New vulnerabilities found in Sierra Wireless routers

Forescout Technologies, Inc.

Friday, 08 December, 2023

New vulnerabilities found in Sierra Wireless routers

Cybersecurity company Forescout has released a report titled SIERRA:21 – Living on the Edge, an analysis of 21 newly discovered vulnerabilities within OT/IoT routers and open-source software components. Produced by Forescout Research – Vedere Labs, the report emphasises the continued risk to critical infrastructure and sheds light on possible mitigations.

The report features research into Sierra Wireless AirLink cellular routers and some of their open-source components, such as TinyXML and OpenDNS. Among the 21 discovered vulnerabilities, one has critical severity (CVSS score 9.6), nine have high severity and 11 have medium severity. These vulnerabilities allow attackers to steal credentials, take control of a router by injecting malicious code, persist on the device and use it as an initial access point into critical networks.

An open database of Wi-Fi networks shows 245,000 networks worldwide running Sierra Wireless routers for a variety of applications, such as for police vehicles connecting to a central network management system or to stream surveillance video; in manufacturing plants for industrial asset monitoring; in healthcare facilities providing temporary connectivity; and to manage electric vehicle charging stations. The new vulnerabilities thus have the potential to stop vital communications that could impact everyday life.

The research found that the attack surface is expansive, with 86,000 vulnerable routers still exposed online. Concerningly, researchers found that Australia is currently third in the world for the number of exposed devices (3853), behind Canada (5580) and the United States (68,605 devices).

The researchers warned that less than 10% of the exposed routers are confirmed to be patched against known vulnerabilities found since 2019, and 90% of devices exposing a specific management interface have reached end of life, meaning they cannot be further patched. The research further noted that open-source software elements continue to go unchecked and increase the attack surface of critical devices, leading to vulnerabilities that may be hard for organisations to track and mitigate.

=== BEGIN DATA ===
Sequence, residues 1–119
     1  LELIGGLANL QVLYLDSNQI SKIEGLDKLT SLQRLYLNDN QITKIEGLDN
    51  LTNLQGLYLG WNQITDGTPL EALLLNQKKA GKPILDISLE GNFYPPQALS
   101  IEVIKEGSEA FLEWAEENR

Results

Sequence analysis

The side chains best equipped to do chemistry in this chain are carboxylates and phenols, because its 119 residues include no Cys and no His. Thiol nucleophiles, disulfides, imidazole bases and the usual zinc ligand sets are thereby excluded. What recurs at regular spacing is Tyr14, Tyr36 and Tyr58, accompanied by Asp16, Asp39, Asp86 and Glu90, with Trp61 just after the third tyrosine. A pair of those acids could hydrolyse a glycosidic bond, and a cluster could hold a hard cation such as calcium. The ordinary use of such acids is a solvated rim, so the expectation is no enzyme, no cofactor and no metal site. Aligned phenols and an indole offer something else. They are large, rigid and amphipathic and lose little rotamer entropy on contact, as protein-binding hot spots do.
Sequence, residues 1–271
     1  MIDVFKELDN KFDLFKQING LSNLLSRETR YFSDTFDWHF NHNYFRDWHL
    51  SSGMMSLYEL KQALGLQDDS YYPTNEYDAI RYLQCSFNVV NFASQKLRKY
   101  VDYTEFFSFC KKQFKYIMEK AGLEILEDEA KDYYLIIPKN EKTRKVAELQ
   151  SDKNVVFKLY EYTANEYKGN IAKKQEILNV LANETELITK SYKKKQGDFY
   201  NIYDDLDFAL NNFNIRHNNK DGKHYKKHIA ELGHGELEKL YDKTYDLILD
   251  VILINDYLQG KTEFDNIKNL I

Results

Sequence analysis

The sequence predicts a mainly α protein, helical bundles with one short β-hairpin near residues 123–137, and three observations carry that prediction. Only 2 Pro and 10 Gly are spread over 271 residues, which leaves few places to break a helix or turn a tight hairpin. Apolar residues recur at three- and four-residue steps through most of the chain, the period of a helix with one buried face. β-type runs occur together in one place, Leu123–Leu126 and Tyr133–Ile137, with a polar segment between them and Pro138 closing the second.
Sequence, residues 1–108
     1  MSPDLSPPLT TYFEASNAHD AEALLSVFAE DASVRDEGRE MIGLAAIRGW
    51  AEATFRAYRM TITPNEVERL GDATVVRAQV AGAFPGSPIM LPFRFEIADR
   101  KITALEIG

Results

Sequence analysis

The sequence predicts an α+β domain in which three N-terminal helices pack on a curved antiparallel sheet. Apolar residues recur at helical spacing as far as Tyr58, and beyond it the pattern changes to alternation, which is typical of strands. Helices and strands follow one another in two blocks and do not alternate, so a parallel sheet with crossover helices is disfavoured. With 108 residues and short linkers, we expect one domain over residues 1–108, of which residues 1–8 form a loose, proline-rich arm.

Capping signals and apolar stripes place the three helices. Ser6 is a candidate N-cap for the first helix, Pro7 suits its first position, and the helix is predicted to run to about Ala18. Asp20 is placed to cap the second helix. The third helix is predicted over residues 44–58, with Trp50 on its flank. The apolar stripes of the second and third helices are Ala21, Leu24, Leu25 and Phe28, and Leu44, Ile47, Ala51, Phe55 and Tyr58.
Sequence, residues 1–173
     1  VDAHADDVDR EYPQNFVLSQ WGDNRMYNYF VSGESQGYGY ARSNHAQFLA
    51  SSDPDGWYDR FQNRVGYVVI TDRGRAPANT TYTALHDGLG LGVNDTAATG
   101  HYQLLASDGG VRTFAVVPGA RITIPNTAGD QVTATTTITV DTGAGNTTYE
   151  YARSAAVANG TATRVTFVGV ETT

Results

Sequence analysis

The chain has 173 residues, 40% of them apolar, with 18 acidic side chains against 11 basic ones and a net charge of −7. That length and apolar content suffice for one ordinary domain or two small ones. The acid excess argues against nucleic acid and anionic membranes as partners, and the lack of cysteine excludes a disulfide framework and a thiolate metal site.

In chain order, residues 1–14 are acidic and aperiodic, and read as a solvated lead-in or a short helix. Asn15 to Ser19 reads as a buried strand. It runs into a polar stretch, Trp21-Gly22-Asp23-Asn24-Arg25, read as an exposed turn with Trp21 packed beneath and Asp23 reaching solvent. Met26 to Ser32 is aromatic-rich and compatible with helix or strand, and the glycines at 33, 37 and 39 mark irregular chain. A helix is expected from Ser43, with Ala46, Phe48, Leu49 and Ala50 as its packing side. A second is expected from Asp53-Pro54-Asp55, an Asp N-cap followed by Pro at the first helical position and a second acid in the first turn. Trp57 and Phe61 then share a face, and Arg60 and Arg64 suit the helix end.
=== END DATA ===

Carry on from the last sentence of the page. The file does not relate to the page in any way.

“We are raising the alarm today because there remain thousands of OT/IoT devices, representing an increased attack surface that requires attention,” said Elisa Constante, VP of Research, Forescout Research – Vedere Labs.

“Vulnerabilities impacting critical infrastructure are like an open window for bad actors in every community. State-sponsored actors are developing custom malware to use routers for persistence and espionage. Cybercriminals are also leveraging routers and related infrastructure for residential proxies and to recruit into botnets.

“Our discoveries reaffirm the need for heightened awareness of the OT/IoT edge devices that are so often neglected.”

Sierra Wireless and OpenDNS have issued patches for the identified vulnerabilities. TinyXML is an abandoned open-source project, so the upstream vulnerabilities will not be fixed and must be addressed downstream.

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